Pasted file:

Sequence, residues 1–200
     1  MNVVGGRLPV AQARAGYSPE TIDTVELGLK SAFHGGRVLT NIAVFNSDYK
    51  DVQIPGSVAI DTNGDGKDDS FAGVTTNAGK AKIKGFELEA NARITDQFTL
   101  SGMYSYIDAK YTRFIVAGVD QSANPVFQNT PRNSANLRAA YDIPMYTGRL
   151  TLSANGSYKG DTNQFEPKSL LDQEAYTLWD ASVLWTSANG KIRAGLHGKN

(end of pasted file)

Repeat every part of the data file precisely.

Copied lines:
Sequence, residues 1–200
     1  MNVVGGRLPV AQARAGYSPE TIDTVELGLK SAFHGGRVLT NIAVFNSDYK
    51  DVQIPGSVAI DTNGDGKDDS FAGVTTNAGK AKIKGFELEA NARITDQFTL
   101  SGMYSYIDAK YTRFIVAGVD QSANPVFQNT PRNSANLRAA YDIPMYTGRL
   151  TLSANGSYKG DTNQFEPKSL LDQEAYTLWD ASVLWTSANG KIRAGLHGKN